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February 21, 2019
7 mins read

How these 8 undergrads chose their majors

One thing that connects all of us is that, sooner or later, we have to decide what we want to specialize in.

Making this decision can be challenging and can come with a lot of uncertainty. Whether you’re declaring your major this year or next year, planning ahead is a good idea, especially if you need to take certain prerequisites.

To help you with determining your choice of study, we surveyed 8 students, each from a different faculty, to find out their experiences in deciding on their specializations. Read on for insight from those who have been in your shoes.

Click on a student story by faculty/school, or browse them all!

Applied Science

Arts

Forestry

Kinesiology

Land and Food Systems

Music

Sauder

Science

...plus bonus advice!


Carlos Doebeli

Engineering Physics, Faculty of Applied Science
Carlos Doebeli, a UBC student, standing by a colourful, graphic wall

How did you narrow down your choice?

At the end of first year, I had to carefully choose among different engineering specializations (Engineering Physics, Mechanical Engineering, and Computer Engineering). I’d taken into account the courses offered, as well as my interests, and talked to other people in the programs. I ultimately chose the one that I felt I would be happiest in.

Did you get into your first choice?

I had placed down Engineering Physics as my first choice, and I got in!

Did you feel any pressure when choosing your major/specialization?

There were always expectations held by friends and family as to which specialization I would or should choose, and I faced some pressure in choosing a competitive and challenging department. I tried to balance these expectations with my personal preferences to make my decision because my degree is really what I make of it.


Maham Khanum

International Relations, Faculty of Arts
Maham Khanum, a UBC student, outside on campus

How did you narrow down your choice?

I considered Econ when I transfered into UBC because I wanted to prove that I could take on a challenge and since my transfer credits applied there.

Did you get into your first choice?

I didn’t fulfill all prerequisites for Econ and had to go with International Relations (IR)—an alternative that allowed me to take as many economics courses as I could. The process was hard—I had to reconcile my interests, evaluate practicality, and plan out my career. But later, during registration, I realized that all the things I loved studying fell under IR, and I could still do Econ as a minor, so it was win-win.

Did you feel any pressure when choosing your major/specialization?

My parents have always supported me, but as a high achiever, I felt I should choose a difficult major to maintain my high standards. But I knew that Econ—and later, IR—was something I enjoyed, something that my interests and strengths lay in.


Emma Ng

Natural Resource Conservation, Faculty of Forestry
Emma Ng, a UBC student, posing while on a hike

How did you narrow down your choice?

I actually started in the Faculty of Science because I was interested in medicine and environmental sciences, and I thought that Science would give me the broadest options. But I quickly realized that Science did not suit me. I remembered that, back in high school, I’d done a lot of volunteering with environmental organizations, which solidified my interest in conservation and environmental stewardship. I transferred into Forestry after taking Cons 200 with Dr. Hagerman.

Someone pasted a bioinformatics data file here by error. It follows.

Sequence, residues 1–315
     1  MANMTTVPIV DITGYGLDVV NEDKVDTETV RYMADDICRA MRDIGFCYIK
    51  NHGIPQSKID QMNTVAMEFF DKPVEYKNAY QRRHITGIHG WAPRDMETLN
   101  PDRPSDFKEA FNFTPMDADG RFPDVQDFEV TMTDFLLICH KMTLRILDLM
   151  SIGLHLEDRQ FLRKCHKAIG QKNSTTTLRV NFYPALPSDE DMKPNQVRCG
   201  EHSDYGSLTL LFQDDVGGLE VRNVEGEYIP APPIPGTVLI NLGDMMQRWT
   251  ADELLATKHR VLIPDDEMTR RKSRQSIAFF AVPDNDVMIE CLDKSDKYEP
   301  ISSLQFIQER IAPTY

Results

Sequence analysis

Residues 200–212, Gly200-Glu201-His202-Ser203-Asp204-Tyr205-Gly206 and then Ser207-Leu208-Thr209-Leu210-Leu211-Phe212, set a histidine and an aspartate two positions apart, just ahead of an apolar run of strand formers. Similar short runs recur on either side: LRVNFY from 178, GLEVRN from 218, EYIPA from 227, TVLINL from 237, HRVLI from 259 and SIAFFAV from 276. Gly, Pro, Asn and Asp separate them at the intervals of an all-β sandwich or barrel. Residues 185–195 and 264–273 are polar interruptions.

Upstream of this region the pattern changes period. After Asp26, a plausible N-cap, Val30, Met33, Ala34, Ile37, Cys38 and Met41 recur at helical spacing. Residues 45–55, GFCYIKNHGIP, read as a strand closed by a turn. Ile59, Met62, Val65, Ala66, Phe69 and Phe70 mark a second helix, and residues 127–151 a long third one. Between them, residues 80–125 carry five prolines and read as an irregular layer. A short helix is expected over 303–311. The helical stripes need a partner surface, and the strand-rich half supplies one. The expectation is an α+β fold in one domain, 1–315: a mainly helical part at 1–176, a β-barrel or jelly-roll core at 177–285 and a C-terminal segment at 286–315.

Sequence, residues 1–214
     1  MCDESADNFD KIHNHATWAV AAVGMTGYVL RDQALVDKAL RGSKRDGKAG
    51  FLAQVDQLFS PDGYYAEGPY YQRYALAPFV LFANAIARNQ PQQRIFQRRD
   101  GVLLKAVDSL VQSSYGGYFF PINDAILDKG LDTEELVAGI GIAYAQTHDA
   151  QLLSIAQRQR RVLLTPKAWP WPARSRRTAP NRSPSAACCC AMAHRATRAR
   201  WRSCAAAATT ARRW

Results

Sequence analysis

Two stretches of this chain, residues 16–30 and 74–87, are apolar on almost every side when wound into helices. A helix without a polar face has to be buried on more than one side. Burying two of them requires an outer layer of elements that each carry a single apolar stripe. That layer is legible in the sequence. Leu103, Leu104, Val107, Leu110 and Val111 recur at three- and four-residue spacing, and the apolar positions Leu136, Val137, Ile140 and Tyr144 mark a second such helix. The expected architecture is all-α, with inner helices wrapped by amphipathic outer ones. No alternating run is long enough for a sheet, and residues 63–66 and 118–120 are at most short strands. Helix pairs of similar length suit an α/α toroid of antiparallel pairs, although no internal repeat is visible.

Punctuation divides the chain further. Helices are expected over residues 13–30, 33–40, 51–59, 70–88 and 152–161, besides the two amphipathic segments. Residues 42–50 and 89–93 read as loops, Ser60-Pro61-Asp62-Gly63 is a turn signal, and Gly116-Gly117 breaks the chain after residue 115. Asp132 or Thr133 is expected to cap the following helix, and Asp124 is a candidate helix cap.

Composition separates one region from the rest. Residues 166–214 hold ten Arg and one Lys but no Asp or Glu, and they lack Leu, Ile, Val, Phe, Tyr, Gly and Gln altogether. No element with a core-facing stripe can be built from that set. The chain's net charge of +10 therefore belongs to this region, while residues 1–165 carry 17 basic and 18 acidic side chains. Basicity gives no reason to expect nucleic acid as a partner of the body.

Did you get into your first choice?

Yes.

Did you feel any pressure when choosing your major/specialization?

I felt confused and lost after leaving Science for Forestry, and was not sure that Forestry would suit me, but I was sure that Science didn’t. My parents and friends expected me to do well in Science and, for a long time, I was disappointed that I could not fit myself into the "Science" mold. Although making this choice was personally challenging, I learned to listen to my gut and trust myself. My dad wanted me to pursue medicine, like he and my brother had. Even though the expectations were not explicitly said, they were there.

I’d also set up a lot of expectations for myself. I left high school, doing well in the IB program as did my brother, so I thought I would do well in first-year Science. I realized that, once I was in classes, Science was not for me, and that the Natural Resource Conservation program in Forestry would provide, for me, a broad, holistic education. So I decided to transfer. Turning my back on all those pressures was difficult—but it was worth it.


Sarah Semkow

Interdisciplinary Studies, School of Kinesiology
Sarah Semkow, a UBC student, outside on a snowy day

How did you narrow down your choice?

Going into UBC, I knew right away that I wanted to go into Kinesiology, because of my interests in nutrition and fitness. Interdisciplinary Studies, a specific stream in Kin, is more liberal compared to the other options, and allowed me to take any electives that I was interested in.

Did you get into your first choice?

I did!

Did you feel any pressure when choosing your major/specialization?

I felt some internal pressure to choose a major that has many well-paying job options e.g. medical school, but I did ultimately follow my heart’s desires. My parents solely wanted me to attend university and wanted me to study something that I was interested in.


Aditi Sriram

Global Resource Systems, Faculty of Land and Food Systems
Aditi Sriram, a UBC student, standing in front of UBC fountain

How did you narrow down your choice?

I started out in Science and switched to LFS. I didn’t know what I wanted out of my undergrad degree when I came into UBC; I’d chosen Science because my high school had specialized in science courses. However, I was also involved in many non-profit work activities and community initiatives. I realized that these were what I really enjoyed. Coming across the Global Resource Systems (GRS) program in LFS, which offered flexibility in courses and an interdisciplinary approach to solving societal issues, I knew it would be the right decision to switch.